East Cambs Council bins green waste collections for seven weeks

Council scraps green waste for 7 weeks

Green waste collections in East Cambridgeshire will be suspended for seven weeks because of a driver shortage and the effects of Covid. - Credit: ECDC

Green bin collections – for garden and food waste - will be suspended for 46 days from December 13.  

East Cambridgeshire District Council says the 60-strong team has been short staffed as “they juggle the effects of Covid with a national shortage of HGV drivers”. 

The council says its trading subsidiary had made the “tough decision to temporarily halt the collection of green waste services for seven weeks”. 

A council spokesperson said that they faced the extra pressure of Christmas and the New Year “which sees blue bin and black sack waste increase substantially”. 

The council says that green waste typically drops off by two thirds over winter. 

This year it will not be collected from Monday December 13 to Friday January 28 inclusive.  

Blue recycling bins used for card and paper, plastics, tins, cans and glass bottles, and black sacks for non-recyclable waste, will continue to be collected. 

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Jo Brooks, director of operations at East Cambs Trading Services (ECSS), said: “Our staff have worked tirelessly through the pandemic, doing everything they can to maintain the delivery of all services to residents of the district.  

“We have been so grateful of all the hard work they have put in which has meant we have never had to drop a single service.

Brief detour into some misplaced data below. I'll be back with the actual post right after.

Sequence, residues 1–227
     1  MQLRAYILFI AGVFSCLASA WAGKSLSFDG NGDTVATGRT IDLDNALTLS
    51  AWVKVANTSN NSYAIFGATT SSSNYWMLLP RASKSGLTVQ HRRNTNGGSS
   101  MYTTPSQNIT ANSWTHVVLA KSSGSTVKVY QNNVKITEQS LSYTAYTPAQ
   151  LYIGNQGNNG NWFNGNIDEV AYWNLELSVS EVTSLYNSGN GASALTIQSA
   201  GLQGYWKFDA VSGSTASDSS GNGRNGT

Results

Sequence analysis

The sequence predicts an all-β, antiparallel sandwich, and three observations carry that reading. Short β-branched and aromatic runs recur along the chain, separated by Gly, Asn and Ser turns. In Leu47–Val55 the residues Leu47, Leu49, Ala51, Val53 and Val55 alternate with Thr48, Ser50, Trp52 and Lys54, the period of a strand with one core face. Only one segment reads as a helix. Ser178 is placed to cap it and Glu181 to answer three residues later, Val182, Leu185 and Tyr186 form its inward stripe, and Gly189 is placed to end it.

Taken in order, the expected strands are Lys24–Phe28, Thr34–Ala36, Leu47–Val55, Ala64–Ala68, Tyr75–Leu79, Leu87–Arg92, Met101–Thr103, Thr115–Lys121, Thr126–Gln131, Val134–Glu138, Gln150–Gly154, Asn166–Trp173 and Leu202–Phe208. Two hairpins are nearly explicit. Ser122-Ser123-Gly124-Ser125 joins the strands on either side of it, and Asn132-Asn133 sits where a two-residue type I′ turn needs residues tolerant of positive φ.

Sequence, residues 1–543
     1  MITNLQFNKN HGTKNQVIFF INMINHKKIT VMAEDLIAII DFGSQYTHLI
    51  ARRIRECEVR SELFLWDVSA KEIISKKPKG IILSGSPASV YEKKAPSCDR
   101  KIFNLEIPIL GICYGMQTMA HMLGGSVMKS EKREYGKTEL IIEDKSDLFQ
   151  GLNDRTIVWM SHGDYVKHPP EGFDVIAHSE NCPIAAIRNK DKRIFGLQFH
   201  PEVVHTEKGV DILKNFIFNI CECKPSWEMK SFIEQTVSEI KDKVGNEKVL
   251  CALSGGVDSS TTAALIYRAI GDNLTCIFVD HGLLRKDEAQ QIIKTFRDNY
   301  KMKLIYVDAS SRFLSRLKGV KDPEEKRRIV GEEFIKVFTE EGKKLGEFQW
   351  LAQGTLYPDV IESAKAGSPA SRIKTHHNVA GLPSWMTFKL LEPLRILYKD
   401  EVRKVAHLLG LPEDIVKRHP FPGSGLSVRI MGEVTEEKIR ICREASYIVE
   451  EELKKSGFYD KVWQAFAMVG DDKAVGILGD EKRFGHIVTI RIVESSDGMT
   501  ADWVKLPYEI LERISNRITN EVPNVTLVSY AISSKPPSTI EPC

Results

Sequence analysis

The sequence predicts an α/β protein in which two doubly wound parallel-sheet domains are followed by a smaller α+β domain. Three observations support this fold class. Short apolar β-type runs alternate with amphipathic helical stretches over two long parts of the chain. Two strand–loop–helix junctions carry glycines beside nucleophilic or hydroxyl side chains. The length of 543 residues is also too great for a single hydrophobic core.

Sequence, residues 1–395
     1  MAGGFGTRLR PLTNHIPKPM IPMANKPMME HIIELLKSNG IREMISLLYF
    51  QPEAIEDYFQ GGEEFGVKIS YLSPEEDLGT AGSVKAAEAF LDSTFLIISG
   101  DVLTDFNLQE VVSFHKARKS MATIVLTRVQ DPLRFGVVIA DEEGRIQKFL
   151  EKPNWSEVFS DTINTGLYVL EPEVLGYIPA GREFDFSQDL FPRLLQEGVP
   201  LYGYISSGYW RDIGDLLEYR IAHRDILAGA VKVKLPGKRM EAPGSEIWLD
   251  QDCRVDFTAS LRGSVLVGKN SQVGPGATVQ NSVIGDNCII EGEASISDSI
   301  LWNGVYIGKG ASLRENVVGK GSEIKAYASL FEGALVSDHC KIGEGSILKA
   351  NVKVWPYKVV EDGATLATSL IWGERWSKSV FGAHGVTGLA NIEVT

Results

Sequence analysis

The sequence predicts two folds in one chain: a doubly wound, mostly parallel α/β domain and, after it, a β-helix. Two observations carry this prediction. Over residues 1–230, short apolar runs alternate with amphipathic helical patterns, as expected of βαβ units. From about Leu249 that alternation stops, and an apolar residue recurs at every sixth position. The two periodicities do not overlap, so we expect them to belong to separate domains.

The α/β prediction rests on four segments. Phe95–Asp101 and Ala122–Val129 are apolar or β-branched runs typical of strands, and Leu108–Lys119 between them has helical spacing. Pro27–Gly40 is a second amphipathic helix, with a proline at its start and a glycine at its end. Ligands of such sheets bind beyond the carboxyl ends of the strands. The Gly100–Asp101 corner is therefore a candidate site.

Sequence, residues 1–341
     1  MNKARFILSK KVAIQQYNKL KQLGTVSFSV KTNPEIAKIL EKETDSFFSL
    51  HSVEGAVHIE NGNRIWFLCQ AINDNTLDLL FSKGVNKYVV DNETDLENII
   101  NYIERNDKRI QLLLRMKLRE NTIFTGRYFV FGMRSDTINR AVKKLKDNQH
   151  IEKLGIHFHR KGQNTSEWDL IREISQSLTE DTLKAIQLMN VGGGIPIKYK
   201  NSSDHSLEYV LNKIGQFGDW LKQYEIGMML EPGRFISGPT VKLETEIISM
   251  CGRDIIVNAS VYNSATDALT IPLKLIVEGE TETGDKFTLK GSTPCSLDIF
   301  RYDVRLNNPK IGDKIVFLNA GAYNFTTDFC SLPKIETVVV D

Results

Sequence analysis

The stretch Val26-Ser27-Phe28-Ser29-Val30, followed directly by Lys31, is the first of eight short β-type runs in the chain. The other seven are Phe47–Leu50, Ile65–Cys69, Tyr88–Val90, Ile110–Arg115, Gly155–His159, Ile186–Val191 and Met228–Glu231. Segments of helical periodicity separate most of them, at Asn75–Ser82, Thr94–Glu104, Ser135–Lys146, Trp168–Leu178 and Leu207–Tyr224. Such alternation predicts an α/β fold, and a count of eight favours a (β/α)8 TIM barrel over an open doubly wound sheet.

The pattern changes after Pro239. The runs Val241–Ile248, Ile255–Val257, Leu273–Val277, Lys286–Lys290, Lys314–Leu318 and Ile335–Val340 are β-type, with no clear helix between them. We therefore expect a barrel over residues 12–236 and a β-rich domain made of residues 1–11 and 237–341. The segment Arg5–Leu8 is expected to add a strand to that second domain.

“On top of this we are three drivers short on what we need to deliver daily waste services.” 

She added: “It is not a decision we have taken lightly and we hope that our residents continue to show their support to our staff.” 

Ms Brooks said that by now most residents would have “put their gardens to bed” and reducing green waste collections over Christmas was a “widely recognised” way of reducing pressure on refuse workers. 

Councillor Julia Huffer, chairman of the council’s operational services committee, which commissions the service from ECSS, said: “We fully understand and support ECSS’s decision.” 

She said: “We all need to take responsibility to generate less waste in the first instance. 

“From our last waste analysis, we know that typically 30 per cent of everything we throw away in black sacks is food waste and the majority of this (approximately 60 per cent) could have been avoided if eaten in time, frozen and not wasted." 

And she urged resident to “make use of leftovers by freezing them or reinventing them for other recipes”.